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Florida firms cash in on overseas business


Emerging boating markets in the Persian Gulf and Russia offer prime opportunities for U.S. exporters

Although Florida has lost businesses to the Carolinas, where the defectors claim to have found the business climate more appealing, remaining Florida manufacturers are exporting overseas in record numbers — marine companies among them.

Some 44,000 Florida businesses export, giving the state the second-largest concentration of exporters in the U.S., with two-way trade of $115 billion, according to Enterprise Florida, Inc., a public-private partnership that is the state’s primary statewide economic development organization.

Total exports of ships, boats and floating structures reached almost $800 million in 2007, an increase of 20 percent over 2006.

Powerboats accounted for 39 percent of marine exports in 2007, an increase of 5 percent from 2006. Recent years have seen a shift — away from powerboats, toward vessels classified as yachts. Yacht exports grew by 31 percent in 2007, totaling $372 million, says Julie Balzano, director for Mexico and special projects for Enterprise Florida’s International Trade and Business Development Division. Balzano delivered that message to a meeting in Miami of the Marine Council and Marine Industries Association of South Florida.

Florida was the only U.S. state exhibiting at the Dubai International Boat Show, with a group pavilion organized by Enterprise Florida. The show, considered the leading recreational marine industry event in the Middle East, attracted 27,000 visitors from 100 countries.

Statistics from Enterprise Florida indicate that exports from Florida to the United Arab Emirates have been registering annual double-digit increases. Dubai is Florida’s 31st largest export partner, with nearly $400 million in products shipped there from Florida each year.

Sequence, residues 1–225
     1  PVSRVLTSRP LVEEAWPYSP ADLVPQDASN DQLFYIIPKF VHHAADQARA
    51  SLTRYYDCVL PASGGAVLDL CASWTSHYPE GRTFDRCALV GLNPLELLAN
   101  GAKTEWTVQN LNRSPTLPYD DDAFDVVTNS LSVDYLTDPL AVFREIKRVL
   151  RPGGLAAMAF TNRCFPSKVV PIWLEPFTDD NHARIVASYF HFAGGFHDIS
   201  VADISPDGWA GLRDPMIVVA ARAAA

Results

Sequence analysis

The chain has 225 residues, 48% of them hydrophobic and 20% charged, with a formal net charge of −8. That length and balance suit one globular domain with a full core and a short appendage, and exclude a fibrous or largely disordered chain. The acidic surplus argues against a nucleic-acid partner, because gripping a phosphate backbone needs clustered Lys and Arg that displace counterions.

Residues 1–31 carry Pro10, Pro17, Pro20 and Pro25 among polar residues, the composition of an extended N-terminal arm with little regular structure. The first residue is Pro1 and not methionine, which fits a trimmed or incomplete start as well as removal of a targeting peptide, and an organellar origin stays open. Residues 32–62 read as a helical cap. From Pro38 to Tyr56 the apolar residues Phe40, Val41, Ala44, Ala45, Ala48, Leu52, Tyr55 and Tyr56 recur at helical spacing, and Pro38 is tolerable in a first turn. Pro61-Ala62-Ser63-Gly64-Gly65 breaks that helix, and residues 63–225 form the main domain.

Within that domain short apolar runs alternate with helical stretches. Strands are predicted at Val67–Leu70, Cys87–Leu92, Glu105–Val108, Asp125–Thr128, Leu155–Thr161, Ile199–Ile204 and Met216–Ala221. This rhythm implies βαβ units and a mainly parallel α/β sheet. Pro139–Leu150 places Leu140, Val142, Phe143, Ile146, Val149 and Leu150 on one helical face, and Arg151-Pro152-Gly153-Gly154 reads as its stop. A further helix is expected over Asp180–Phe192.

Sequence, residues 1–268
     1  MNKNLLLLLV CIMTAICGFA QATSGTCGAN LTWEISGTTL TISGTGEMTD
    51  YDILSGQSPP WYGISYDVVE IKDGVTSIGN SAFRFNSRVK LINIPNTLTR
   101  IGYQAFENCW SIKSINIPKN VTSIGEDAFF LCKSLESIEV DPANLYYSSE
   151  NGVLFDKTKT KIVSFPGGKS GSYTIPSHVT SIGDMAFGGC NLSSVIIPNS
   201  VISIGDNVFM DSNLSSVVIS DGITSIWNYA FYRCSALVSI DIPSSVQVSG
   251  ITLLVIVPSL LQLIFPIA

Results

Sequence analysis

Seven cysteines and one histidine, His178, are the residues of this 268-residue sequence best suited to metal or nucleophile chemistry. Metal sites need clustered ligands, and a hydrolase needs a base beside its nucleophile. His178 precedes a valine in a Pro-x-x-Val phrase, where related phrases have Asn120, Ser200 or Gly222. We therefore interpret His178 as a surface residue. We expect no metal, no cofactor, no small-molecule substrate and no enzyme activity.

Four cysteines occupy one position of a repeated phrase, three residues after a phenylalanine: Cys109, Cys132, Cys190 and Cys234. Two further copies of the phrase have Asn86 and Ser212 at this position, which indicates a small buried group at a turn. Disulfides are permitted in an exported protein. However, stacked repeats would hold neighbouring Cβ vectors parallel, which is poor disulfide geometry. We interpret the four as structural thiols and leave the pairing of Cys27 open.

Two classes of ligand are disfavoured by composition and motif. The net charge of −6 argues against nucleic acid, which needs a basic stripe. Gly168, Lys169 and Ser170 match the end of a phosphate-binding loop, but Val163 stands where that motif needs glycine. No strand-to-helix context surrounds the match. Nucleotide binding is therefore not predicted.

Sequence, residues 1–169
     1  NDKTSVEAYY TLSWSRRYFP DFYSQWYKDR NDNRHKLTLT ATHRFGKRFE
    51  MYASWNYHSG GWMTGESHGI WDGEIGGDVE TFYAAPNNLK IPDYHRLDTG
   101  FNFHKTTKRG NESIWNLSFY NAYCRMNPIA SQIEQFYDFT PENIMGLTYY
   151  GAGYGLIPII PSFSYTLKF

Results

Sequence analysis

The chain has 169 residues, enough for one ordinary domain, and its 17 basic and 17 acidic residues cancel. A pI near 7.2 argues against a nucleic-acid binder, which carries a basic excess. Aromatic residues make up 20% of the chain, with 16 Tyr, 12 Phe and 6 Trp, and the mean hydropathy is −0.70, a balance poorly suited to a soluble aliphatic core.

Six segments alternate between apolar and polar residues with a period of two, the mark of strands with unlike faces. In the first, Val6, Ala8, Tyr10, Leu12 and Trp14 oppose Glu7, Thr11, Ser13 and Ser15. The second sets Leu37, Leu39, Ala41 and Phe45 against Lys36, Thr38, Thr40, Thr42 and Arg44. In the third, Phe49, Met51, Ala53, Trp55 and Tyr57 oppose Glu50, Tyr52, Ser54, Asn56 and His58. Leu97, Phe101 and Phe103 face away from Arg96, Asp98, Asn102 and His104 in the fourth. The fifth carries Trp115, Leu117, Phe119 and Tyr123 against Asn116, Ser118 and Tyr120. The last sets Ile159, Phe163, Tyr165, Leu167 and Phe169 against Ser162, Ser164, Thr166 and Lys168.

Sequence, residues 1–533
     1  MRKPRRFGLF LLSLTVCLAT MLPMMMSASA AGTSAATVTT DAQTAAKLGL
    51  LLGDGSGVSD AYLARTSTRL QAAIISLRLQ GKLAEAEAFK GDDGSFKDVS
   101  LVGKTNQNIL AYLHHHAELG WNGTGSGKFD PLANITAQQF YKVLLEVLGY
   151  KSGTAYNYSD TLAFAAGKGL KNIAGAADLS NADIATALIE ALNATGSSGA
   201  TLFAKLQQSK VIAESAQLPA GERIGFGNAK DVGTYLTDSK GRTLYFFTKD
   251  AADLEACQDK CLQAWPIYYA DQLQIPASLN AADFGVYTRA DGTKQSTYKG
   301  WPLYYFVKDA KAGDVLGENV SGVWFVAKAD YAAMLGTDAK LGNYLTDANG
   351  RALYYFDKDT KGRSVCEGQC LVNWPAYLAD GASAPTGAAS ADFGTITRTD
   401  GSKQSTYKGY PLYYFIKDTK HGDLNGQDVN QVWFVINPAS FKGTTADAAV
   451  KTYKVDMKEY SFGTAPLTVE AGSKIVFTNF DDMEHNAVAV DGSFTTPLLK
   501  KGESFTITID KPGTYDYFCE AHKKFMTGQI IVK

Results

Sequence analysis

Observers expect the show to grow quickly, as Dubai becomes a Mideast boating capital, with an emphasis on megayachts. The Persian Gulf nation has plans to add 52,000 slips to accommodate vessels of more than 35 feet that will be added by 2011. That figure does not include the facilities rapidly being added in nearby Abu Dhabi and Qatar.

“If you’re not looking at Dubai, you should be,” says David Nichols, a broker with International Yacht Collection. “The oil prices have made many [in the Persian Gulf] wealthier than they were. There is a lot of new Russian money out there and they appear to be spending it like water [on megayachts and charters].”

The Russian market for pleasure boating is rapidly developing. Balzano says the average annual growth in this industry sector is 25 to 30 percent, and that U.S. pleasure boat exports to Russia in 2007 exceeded $35 million — a 25 percent increase from 2006. Russian demand for pleasure boats makes the future for exporting even more promising, experts say.

Germany is Florida’s 10th most important export market with more than $1 billion in Florida products sent to Germany in 2007, including pleasure boats, sailboats and accessories.

“Germany currently imports more boats than it exports … making our products a bargain overseas,”

Balzano says. “Exporting takes a long-term commitment. China is Florida’s 21st largest export market. It is not just the U.S. taking imports from China. There are 550,000 new millionaires in China, and last year the Asian nation’s show had 170 boats on display.”

This article originally appeared in the December 2008 issue.


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